I have a question Re: The London Underground aka The Tube. Why is it called the underground when most stations are above the ground? And where does the London Underground begin? And is it still called a “train” even when it’s in the underground or is it simply the tube. I’m slightly confused.
See below a picture montage to illustrate said confusion. (aside: I suppose I could just google/wiki it and i could find out, but then you wouldn’t get to add your smarmy know-it-all comments. plus, i like to get my info from reliable sources, and you, my smarmy British commenting friends are as reliable as they come.)
We start our journey on the Picadilly line at Hownslow Central station located approx. 7 mins from Heathrow Airport. It’s a lovely sunny day, innit? Yes indeed.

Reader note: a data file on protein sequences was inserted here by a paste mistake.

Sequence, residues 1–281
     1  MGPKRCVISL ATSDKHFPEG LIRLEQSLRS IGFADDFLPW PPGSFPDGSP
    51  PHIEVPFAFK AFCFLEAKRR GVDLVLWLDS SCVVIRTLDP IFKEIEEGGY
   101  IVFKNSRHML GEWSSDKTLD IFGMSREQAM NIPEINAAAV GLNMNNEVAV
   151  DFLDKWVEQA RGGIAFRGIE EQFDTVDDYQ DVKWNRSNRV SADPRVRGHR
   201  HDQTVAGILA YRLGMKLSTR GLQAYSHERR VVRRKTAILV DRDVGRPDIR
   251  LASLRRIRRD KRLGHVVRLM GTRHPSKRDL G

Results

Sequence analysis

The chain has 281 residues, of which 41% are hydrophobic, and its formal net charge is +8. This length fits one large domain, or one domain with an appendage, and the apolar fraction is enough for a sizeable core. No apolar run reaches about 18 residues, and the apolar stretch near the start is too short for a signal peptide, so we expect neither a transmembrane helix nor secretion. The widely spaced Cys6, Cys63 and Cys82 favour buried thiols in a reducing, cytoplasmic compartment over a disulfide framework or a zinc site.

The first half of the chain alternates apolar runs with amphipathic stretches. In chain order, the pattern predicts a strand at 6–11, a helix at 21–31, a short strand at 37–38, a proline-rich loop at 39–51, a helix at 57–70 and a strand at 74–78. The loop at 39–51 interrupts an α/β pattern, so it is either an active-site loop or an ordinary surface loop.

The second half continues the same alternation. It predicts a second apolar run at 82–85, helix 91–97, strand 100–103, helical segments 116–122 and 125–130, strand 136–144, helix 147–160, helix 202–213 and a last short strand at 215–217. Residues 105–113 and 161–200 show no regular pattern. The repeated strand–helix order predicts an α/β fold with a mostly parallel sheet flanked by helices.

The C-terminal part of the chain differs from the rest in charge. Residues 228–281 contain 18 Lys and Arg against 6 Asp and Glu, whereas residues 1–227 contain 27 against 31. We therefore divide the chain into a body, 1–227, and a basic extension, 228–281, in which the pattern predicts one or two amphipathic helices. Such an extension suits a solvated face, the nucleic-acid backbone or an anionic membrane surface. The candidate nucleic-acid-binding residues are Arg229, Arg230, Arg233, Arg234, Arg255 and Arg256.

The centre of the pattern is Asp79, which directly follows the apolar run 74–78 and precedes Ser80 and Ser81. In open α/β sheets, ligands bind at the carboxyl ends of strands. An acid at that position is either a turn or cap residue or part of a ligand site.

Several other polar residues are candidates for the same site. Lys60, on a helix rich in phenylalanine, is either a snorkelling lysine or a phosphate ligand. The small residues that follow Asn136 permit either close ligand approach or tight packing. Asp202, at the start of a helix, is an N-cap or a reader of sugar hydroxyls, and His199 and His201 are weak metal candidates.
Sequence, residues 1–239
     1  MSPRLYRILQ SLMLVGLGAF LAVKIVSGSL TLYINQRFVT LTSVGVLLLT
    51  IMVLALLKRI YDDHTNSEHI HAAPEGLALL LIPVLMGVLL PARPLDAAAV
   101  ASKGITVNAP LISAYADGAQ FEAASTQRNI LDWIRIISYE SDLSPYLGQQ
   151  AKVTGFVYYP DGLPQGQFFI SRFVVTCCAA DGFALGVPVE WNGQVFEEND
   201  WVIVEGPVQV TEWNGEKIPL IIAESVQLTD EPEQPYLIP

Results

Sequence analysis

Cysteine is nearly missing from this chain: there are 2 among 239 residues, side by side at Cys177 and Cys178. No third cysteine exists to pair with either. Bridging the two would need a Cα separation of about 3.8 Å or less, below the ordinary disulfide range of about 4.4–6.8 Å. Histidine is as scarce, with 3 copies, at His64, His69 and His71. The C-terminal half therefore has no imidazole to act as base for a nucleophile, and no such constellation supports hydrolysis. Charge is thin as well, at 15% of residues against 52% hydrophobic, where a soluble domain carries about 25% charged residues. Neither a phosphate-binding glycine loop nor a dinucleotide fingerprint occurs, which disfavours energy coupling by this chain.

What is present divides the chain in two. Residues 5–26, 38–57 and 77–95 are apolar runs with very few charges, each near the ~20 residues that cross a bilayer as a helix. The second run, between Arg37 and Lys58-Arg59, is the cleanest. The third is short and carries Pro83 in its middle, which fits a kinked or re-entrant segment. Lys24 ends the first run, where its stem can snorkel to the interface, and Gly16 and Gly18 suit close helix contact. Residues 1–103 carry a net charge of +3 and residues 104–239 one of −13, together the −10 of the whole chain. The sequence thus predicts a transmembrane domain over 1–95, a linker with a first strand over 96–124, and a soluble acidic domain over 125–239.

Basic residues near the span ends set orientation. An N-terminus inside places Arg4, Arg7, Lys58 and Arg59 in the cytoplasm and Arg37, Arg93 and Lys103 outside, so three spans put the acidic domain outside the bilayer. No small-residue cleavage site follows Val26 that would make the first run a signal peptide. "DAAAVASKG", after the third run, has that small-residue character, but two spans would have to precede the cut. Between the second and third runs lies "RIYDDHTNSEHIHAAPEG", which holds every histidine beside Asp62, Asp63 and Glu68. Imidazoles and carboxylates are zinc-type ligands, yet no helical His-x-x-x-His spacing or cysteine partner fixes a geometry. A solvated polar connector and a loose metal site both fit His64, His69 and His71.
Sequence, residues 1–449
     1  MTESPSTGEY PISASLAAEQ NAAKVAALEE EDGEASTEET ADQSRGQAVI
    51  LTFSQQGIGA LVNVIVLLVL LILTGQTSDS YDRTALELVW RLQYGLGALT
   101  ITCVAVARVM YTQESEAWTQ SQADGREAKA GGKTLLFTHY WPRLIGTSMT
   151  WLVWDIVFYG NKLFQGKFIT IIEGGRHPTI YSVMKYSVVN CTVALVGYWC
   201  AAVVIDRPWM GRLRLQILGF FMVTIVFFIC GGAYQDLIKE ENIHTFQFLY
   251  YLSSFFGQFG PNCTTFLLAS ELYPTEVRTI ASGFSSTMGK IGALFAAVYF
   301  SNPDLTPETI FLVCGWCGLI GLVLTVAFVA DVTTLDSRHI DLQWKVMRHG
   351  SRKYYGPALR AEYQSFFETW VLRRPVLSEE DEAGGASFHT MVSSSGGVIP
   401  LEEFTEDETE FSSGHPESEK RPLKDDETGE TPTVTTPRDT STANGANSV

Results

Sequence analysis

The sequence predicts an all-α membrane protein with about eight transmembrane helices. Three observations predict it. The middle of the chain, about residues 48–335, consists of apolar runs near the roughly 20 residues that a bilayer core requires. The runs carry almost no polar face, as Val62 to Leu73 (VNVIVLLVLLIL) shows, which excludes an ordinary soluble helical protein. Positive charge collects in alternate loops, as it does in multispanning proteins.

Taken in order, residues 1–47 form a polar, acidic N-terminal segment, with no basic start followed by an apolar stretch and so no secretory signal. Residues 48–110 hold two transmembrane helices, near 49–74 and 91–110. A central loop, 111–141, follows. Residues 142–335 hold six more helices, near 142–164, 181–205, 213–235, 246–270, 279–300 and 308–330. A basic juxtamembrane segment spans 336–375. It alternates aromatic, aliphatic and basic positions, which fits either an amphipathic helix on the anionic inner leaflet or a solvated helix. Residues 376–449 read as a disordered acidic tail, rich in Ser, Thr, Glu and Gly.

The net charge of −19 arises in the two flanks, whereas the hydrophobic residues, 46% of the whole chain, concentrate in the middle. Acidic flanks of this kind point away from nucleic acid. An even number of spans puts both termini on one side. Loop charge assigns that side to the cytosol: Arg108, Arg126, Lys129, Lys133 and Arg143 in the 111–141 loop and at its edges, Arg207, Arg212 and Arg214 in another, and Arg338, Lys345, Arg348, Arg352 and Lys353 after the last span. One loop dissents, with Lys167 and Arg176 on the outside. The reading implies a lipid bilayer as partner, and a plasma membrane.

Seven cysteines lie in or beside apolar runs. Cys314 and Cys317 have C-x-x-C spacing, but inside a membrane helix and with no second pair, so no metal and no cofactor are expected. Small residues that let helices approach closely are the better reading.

This looks like a train to me. A train that is above the ground. I get it that Great Britain is great and can make up their own rules about what to call things, but the train/tube thing is confuuuusing…
Like say you are at Green Park station (see illegal green park underground picture below) would you say: “I’m sat at the train station with my mates on the way to grab some pints and watch the football match.” OR “I’m sat at the tube station sharing a bag of crisps with my mates whilst trying to attract the attention of a well fit bird with our iPhones.” Now would it be different if you were say… at King’s Cross, which seems to be a combo of an underground station and a train station…
Explain me. ta.